The March to Save America was the key rally at the Ellipse in Washington prior to the violent assault on the Capitol on Jan. 6, 2021. The event is also often referred to as the Save America March or Stop the Steal rally.
As the featured speaker and center of attention for this and related events in D.C. that day, Trump was reportedly furious when he saw the small crowd size from backstage and pushed to allow security guards to admit his armed supporters without requiring them to pass through metal detectors.
Several witnesses testified under oath to the House Select Committee investigating the insurrection that Trump knew that many of his supporters there that day were heavily armed. Nonetheless, he urged them to take their grievances directly to the congressional session in progress at the Capitol and “fight like hell.”
Many right-wing fringe groups helped organize and fund the event, including:
- Women for America First served as the primary organizer of the rally, obtaining the permit for it from the Department of the Interior. The permit allowed for as many as 30,000 people at the event, which was to take place between 9 a.m. and 4:30 p.m. The AP estimated the crowd to be in the realm of 10,000 people, while Trump prefers to claim that “it was a massive rally with hundreds and hundreds of thousands of people.” Women for America First was initially founded in 2019 to support Trump as he faced his first impeachment for withholding aid to Ukraine and soliciting foreign interference in the 2020 presidential election.
- MyPillow, the bedding company owned by conspiracy theorist Mike Lindell, helped fund bus tours around the country in December 2020 to urge Trump supporters to “keep up the fight” by participating in the Jan. 6, 2021 March to Save America in D.C.
- Turning Point Action, a right-wing student group, helped organize buses to bring participants to the march. Before the event, Turning Point’s leader Charlie Kirk tweeted that his efforts would bring “80+ busloads of patriots to DC to fight for the president” and he predicted the event “would likely be one of the largest and most consequential in American history.” After the deadly assault on the Capitol, he quickly deleted this tweet.
- Phyllis Schlafly Eagles, a network of organizations associated with the late right-wing activist Phyllis Schlafly, provided financial support.
- Moms for America, a right-wing group that has been promoting lies about rigged elections since Trump first ran in 2016, provided funding for the rally and also hosted another rally on Capitol Hill the day before in which newly elected Rep. Mary Miller (R-Ill.) caused a stir by quoting Hitler (And at a June 2022 Save America Rally she attended with Trump, she stirred things up again, calling the Supreme Court decision to overturn Roe v. Wade “a historic victory for white life.”) In October 2016, the organization’s president, Kimberly Fletcher, wrote an article in which she predicted Trump falling victim to election fraud “isn’t a conspiracy theory, it’s a conspiracy fact” (though after he won that election, she suddenly stopped arguing the “fact” and never once suggested that his win was fraudulent in any way).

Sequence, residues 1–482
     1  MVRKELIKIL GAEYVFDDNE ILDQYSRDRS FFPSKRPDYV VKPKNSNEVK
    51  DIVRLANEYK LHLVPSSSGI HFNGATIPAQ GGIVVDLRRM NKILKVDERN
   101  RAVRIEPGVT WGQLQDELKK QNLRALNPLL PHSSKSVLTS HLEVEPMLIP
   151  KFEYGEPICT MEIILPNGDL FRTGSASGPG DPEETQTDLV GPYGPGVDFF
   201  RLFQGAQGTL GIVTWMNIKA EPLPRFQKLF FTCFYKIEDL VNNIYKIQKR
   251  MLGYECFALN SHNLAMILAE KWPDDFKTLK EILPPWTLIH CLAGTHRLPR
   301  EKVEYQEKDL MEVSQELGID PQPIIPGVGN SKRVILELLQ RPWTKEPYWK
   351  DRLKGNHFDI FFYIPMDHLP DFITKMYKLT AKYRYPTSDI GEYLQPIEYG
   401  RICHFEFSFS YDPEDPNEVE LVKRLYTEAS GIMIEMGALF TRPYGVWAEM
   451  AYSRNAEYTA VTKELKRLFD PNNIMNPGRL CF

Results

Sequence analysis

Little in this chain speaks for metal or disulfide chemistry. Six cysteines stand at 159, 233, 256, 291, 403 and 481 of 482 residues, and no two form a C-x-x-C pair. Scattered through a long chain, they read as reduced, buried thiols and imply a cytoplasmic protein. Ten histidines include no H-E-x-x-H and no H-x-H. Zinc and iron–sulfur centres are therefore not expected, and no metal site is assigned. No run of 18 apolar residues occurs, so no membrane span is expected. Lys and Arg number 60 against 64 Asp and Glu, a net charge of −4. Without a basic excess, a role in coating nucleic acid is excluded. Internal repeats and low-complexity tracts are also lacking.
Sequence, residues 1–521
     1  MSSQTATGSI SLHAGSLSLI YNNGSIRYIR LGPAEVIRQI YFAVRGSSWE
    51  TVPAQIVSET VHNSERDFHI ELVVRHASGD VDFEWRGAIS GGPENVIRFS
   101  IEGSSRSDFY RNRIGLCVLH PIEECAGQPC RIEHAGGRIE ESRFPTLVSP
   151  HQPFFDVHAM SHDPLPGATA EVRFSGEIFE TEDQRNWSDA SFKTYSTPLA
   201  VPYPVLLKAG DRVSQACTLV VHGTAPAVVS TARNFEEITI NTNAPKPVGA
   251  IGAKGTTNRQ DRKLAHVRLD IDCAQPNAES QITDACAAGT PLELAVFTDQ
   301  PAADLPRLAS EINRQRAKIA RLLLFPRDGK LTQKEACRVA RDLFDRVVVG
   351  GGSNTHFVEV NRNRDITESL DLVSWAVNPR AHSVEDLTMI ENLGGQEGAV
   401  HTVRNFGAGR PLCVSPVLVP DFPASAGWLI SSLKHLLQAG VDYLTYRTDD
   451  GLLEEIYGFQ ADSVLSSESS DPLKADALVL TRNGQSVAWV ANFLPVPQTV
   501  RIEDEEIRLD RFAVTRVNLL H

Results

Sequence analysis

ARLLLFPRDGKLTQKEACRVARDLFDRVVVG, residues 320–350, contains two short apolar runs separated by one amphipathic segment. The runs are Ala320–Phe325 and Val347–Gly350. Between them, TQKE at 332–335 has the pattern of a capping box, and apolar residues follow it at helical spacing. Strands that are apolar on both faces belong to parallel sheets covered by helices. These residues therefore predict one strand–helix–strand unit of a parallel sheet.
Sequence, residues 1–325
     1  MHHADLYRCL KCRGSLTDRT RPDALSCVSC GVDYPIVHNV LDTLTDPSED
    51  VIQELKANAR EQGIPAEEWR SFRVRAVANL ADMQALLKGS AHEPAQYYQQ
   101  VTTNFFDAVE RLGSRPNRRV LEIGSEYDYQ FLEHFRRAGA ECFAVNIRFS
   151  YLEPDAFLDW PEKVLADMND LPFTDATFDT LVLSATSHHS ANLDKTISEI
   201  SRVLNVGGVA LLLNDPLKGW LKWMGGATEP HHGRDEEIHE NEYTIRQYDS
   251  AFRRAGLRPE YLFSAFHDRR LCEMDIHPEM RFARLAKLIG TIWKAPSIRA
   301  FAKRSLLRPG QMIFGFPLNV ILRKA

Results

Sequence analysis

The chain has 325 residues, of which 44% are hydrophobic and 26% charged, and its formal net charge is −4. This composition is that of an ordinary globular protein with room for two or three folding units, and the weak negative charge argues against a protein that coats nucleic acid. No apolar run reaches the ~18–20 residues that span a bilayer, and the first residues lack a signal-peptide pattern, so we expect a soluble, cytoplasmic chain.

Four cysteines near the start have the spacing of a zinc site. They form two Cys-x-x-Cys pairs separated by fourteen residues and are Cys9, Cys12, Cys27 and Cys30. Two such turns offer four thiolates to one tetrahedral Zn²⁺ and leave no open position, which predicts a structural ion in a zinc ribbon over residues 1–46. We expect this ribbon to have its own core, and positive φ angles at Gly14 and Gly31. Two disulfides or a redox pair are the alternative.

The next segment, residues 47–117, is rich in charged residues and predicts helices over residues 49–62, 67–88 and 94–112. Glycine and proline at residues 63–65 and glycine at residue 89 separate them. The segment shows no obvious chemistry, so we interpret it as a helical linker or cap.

- Peaceably Gather, a far-right religious group, is believed to have helped fund the rally. The nonprofit worked closely with the Trump administration to reopen churches and defy governors across the country during the early months of the pandemic.
- Stop the Steal, the movement/organization in Alabama led by convicted fraudster Ali Alexander to overturn the results of the 2020 presidential election, helped plan the March to Save America and allegedly coordinated with members of Congress to do so. Prior to Jan. 6, Stop the Steal organized dozens of rallies around the country proclaiming that Trump had been robbed of a second term. Funding for the group is “shrouded in mystery,” according to an ABC News report in February 2021.
- Tea Party Patriots is a 501(c)(4) nonprofit that first gained national attention in 2009 during the Tea Party movement to oppose “Obamacare”—President Obama’s historic healthcare bill, the Affordable Care Act. The group was one of the many planners and organizers listed on the March to Save America website before it was taken down. Following the violence at the Capitol, Tea Party Patriots released a statement that read: “Neither Tea Party Patriots Foundation, Tea Party Patriots Citizens Fund, nor Tea Party Patriots Action spent any money on the rally.”
Individual organizers and fundraisers included:
- Kimberly Guilfoyle, a television pundit and fiancee of Donald Trump, Jr., played a key role in planning and fundraising for the March to Save America. According to Rep. Bennie Thompson (D-Miss.), chair of the House Select Committee that investigated the attack on the Capitol, Guilfoyle helped decide on the speakers for the rally and was with Trump when he called Vice President Pence to again urge him to prevent the certification of the Electoral College results on Jan. 6.
Several other far-right extremist groups that have been criminally charged for planning the attack on the Capitol reportedly attended and/or played a role in organizing the March to Save America, including:
- Proud Boys, a neo-fascist organization designated as a “hate group” by the Southern Poverty Law Center, helped lead the first wave of marchers from the Ellipse to the Capitol building. In 2017 they played a key role in stoking the violence at the Unite the Right Rally in Charlottesville, Virginia. In June 22, a federal grand jury convened by the Department of Justice charged Enrique Tarrio, the group’s leader, and four other Proud Boys with seditious conspiracy.